People can argue about whether or not Indians — of the South Asian variety, not the Native American variety — are or are not “Caucasian.” I take no position on that issue, having been burned before (see the comments to this post).
I will say this, though: in my opinion, South Asians share in common with East Asians the ability to pass for much younger than they really are. (It’s generally a blessing, although not always; in a discussion at the recent Penn APALSA conference, some panelists talked about how looking young can complicate dealing with clients and opposing counsel.)
So how much younger can South Asians claim to be? One India-born lawyer, who graduated from a top 14 law school, finds herself in litigation for allegedly lying about her age — amongst many, many other things.
And the whole thing smells worse than Ghazipur landfill….
A lying lawyer? Cynics might say that’s as newsworthy as a smart doctor or a boring accountant. But the allegations in this case are so egregious that they made the pages of the New York Times. According to the Times, Soma Sengupta was 90 days away from becoming a barrister, until this happened:
And then it all collapsed, undone by the chance discovery of a simple lie, that led to many more. A clerk for the British firm that had accepted Ms. Sengupta stumbled upon her application file, and noticed that she had listed a date of birth that put her age at 29.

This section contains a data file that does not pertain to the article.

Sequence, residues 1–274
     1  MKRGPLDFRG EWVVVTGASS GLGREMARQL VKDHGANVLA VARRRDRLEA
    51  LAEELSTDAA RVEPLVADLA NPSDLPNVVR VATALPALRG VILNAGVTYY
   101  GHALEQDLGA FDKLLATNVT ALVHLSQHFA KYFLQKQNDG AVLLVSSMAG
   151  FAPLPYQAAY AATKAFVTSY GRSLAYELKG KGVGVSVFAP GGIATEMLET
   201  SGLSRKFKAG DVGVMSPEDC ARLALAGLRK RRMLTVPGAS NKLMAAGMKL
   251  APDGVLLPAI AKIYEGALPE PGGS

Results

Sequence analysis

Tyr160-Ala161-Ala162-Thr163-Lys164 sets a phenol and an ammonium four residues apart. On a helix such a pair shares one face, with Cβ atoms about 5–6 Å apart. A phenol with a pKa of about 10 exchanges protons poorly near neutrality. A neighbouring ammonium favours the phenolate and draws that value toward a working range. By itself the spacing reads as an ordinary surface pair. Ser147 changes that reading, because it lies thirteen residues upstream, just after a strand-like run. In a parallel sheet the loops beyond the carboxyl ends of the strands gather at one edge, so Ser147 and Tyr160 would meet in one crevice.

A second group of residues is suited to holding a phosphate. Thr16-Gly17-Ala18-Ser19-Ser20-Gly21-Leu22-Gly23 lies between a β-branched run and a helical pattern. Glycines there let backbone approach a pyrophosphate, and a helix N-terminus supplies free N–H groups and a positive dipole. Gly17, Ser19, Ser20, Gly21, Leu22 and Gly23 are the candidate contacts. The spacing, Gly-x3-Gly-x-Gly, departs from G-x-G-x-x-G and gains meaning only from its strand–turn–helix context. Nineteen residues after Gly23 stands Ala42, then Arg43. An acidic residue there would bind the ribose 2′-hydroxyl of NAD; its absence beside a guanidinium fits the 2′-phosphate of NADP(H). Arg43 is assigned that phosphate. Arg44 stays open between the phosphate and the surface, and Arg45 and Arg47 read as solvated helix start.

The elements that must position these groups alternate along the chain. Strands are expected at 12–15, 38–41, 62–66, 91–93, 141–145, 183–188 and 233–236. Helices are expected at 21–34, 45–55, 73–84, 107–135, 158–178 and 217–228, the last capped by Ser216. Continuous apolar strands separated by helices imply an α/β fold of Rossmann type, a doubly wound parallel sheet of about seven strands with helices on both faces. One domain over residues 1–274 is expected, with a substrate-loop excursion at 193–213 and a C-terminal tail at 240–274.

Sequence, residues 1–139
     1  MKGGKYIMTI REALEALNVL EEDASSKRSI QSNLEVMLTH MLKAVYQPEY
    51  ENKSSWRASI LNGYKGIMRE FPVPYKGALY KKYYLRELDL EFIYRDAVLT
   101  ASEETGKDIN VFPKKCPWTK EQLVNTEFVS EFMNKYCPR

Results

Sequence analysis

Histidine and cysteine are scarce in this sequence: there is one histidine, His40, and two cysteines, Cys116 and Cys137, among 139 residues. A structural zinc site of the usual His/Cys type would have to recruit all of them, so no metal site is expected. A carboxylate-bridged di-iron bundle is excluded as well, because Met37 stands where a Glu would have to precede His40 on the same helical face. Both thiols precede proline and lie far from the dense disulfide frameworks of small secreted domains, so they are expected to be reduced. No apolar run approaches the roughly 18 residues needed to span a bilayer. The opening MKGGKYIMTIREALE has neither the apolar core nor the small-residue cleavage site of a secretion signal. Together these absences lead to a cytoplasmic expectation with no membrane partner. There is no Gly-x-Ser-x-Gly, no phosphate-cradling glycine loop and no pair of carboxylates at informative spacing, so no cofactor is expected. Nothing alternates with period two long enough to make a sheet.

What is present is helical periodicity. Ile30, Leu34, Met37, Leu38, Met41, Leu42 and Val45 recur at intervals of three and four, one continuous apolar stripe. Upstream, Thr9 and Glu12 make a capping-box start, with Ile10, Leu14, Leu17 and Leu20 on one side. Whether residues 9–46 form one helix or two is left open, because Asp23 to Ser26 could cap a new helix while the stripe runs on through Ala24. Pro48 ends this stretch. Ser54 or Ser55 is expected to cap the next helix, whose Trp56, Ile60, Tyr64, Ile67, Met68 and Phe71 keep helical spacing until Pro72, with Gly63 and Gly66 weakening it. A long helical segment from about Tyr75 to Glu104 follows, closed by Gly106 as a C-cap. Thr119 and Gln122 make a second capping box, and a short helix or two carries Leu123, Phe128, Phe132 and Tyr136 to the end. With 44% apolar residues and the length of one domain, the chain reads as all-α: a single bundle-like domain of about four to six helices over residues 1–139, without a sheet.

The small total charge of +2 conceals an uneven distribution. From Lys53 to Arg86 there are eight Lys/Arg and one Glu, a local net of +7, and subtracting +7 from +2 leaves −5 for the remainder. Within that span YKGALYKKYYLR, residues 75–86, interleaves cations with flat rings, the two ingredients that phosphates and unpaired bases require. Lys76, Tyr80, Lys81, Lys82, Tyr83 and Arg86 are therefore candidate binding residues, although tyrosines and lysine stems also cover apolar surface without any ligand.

“Seriously?” the clerk thought, according to Edmund Blackman, a barrister with the firm, One Inner Temple Lane. “There is no way she’s as young as she’s saying on this form.”
Questions were asked, which Ms. Sengupta, who was, in fact, in her late 40s at the time, declined to answer. Eventually, it became clear that she had not only shaved nearly two decades off her age but that nearly everything about her work and education history was not as she had claimed.
Calling into question a woman’s age — how ungentlemanly of Edmund Blackman! I still think Soma Sengupta looks young for her age (even if not 20 years younger).
Lying about your age, it could be argued, is like lying about your sex life: you’re entitled to do it, because it’s rude for someone to ask you about it. But according to the Times piece, Sengupta didn’t just lie about her age; she also submitted a raft of falsified papers. And this is why she now finds herself not only out of barrister contention, but in court back in the United States:
Ms. Sengupta, 52, is on trial in State Supreme Court in Manhattan, where she faces forgery and other charges, the most severe of which carries a maximum prison sentence of seven years. Her boyfriend, Manuel Soares, a former vice president of BNY Mellon, faces the same charges in a coming trial.
Her lawyer has argued the case on technical legal issues, and has not challenged prosecutors’ assertions that Ms. Sengupta forged documents and misrepresented her work history and age.
“We are conceding that some of this conduct, in fact, did occur,” the lawyer, James Kousouros, told Justice Thomas Farber, who will decide the case without a jury.
You’ve got to feel for her boyfriend — facing a prison sentence and learning that his girlfriend’s not 29.
We can see why Sengupta opted for a bench trial. A jury wouldn’t look kindly on a lawyer who admits she’s a liar and just wants to get off on technicalities. But in fairness to Sengupta, she didn’t make up her entire résumé. She did graduate from Georgetown Law (in 1998), and she pass the New York bar exam and become a member of the state bar (in 2000).